In her article, “Leadership in the Four Generation Workplace,” Judy Feld notes an important distinction between age vs. generation. “Different generations care about different approaches to the same problems---at different times. Generational context is not about age, but common experiences.” What’s more important, Feld says, is to have some insight (and apply it) to each generation’s interactions, issues, styles, experiences and preferences. We also need to motivate Traditionalists by letting them know their experience is valued and provide stability and security for them where possible. To motivate Boomers, buy books, videos, self-help guides and audio tapes they can listen to on their commutes. Motivate Gen Exers by supporting them to stay on the forefront of technology, and adopt a management style that promotes honesty and integrity. Also provide continuous training, and opportunities to work with a diverse group in a team setting.
I was given a chance to see this in action when a bright Millenial team member showed up empty-handed to a meeting in which she was the lead. My first thought was that she was unprepared. This notion was quickly dispelled when she pulled out her blackberry and proceeded to run a quite efficient and productive meeting. Why was I so quick to assume she wasn’t prepared?
According to The University of Minnesota Study, there is a perceived decline in work ethic that is perhaps one of the major contributors of generational conflicts in the workplace. “Generation X for instance, has been labeled the ‘slacker’ generation and employers complain that younger workers are uncommitted to their jobs and work only as required. I was wrong about my colleague. Her approach to running the meeting was simply different. She belongs to the digital generation, the generation that was born with Intel inside. She did not need the notepad and extra pens.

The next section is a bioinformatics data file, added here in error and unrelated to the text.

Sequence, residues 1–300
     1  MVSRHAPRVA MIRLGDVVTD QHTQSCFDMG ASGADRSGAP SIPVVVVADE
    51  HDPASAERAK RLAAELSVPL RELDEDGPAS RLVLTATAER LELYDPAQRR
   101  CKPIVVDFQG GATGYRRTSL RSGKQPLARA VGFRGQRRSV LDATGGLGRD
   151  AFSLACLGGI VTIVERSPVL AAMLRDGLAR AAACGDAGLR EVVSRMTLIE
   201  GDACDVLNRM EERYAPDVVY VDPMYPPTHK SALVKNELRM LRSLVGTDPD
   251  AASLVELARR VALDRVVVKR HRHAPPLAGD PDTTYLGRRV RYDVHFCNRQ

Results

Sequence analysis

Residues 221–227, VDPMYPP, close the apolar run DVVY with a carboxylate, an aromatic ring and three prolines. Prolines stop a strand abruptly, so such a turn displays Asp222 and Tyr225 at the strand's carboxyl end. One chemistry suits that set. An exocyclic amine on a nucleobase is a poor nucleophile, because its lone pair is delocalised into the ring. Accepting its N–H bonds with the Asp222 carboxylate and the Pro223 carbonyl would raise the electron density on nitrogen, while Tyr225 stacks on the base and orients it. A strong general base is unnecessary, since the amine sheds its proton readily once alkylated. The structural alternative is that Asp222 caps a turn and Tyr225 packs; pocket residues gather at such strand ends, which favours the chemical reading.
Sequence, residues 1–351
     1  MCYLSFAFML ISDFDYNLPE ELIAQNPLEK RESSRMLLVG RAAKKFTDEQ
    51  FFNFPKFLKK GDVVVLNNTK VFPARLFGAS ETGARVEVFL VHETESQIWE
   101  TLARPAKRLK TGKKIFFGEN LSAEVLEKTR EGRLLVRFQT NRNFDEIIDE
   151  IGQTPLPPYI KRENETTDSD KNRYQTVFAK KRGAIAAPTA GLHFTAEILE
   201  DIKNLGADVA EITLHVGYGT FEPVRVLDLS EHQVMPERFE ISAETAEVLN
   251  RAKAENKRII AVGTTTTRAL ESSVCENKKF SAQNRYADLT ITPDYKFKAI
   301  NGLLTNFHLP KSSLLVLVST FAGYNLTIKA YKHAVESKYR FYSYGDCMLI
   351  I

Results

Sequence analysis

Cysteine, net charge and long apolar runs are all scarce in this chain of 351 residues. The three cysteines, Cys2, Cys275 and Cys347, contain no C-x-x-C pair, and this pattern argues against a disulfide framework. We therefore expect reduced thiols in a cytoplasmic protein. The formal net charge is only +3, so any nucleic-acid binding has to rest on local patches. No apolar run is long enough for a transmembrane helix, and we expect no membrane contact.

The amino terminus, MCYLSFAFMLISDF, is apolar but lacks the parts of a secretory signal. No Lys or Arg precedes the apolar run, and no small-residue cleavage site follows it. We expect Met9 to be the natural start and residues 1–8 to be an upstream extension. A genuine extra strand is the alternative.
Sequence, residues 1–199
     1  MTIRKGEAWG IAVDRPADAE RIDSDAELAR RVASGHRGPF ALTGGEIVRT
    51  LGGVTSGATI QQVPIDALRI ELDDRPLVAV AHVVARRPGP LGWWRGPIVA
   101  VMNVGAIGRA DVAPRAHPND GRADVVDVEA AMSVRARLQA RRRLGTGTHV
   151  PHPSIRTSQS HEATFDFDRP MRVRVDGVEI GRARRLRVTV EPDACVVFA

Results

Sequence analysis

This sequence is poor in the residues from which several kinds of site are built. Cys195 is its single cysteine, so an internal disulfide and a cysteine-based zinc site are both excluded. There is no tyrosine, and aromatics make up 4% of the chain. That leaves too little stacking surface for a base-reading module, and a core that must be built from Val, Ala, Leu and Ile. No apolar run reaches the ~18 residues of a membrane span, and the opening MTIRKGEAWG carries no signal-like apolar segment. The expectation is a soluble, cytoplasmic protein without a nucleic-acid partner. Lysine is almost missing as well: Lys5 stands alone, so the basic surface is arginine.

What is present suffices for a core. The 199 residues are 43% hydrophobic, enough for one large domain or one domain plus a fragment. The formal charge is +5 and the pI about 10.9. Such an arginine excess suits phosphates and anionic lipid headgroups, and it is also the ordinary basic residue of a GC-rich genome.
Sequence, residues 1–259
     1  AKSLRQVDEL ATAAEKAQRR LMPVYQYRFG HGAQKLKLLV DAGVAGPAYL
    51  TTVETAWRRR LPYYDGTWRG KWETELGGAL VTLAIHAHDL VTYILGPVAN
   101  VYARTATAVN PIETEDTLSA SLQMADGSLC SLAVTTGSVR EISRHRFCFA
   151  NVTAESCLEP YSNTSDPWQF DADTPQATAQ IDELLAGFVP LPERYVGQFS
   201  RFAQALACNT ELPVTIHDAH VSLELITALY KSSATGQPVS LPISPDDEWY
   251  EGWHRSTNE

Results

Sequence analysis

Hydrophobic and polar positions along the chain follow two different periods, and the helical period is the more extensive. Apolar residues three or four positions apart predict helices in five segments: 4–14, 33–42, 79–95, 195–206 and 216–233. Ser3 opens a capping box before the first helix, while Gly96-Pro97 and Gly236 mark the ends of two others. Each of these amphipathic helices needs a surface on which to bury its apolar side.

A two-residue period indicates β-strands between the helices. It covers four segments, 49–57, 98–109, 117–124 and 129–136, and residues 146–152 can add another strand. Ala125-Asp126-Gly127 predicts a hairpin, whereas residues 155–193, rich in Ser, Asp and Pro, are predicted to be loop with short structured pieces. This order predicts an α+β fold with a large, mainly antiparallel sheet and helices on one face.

Having four generations in today’s workforce presents tremendous opportunities that far outweigh challenges. The richness of ideas and experiences means we will create better solutions for today’s complex business and social issues. We need to be fully committed to embracing generational differences and supporting growth and development of Gen Xers and Millenials, while leveraging the benefits of the mix-factor. One way to we can do this is to provide more opportunities for connection and relationship building, perhaps through Employee Resource Groups and Mentoring Circles.
It’s also important to understand the historical context of each generation, the set of beliefs and patterns of behavior that were inherited. Equally important is the need to recognize the ways in which our society has benefited from the contributions of each generation. The Silent generation for example, gave rise to activists, scholars, civil rights leaders, and great innovators in the baby boom generation. Some would question “cultural norms,” lead antiwar efforts, while others would honorably serve in the war. Boomers would also lead the technology innovation and connect the world in unprecedented ways; creating the only flat world that Millenials and Gen Xers know. And not to be forgotten, Millenials and Gen Xers helped to elect the nation’s first black president.
The internal changes are outwardly expressed. The briefcase has been tossed for the backpack. The pen and pad for some technology device that probably begins with an “I”, texting instead of talking, followers instead of friends, and on, and on. So, while you will probably never, ev-errrr see me in flip-flops at work, I’m excited about the more substantive differences. We can leverage these differences and learn from each other to create a sustainable competitive advantage. Look for opportunities to increase your understanding of the similarities and differences by creating forums for cross-generational dialogue.
Together we can take steps to understand the attitudes, work ethics, skills, preferred learning and work styles, of the four generations in the workplace and create an environment and conditions where all employees thrive, even the baby-boomer still clinging to pantyhose and closed-toe shoes!